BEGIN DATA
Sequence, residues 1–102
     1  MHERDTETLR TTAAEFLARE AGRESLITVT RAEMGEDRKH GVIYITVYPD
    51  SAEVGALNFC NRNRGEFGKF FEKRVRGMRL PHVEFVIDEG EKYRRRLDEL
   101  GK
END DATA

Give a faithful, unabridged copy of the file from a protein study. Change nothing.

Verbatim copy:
Sequence, residues 1–102
     1  MHERDTETLR TTAAEFLARE AGRESLITVT RAEMGEDRKH GVIYITVYPD
    51  SAEVGALNFC NRNRGEFGKF FEKRVRGMRL PHVEFVIDEG EKYRRRLDEL
   101  GK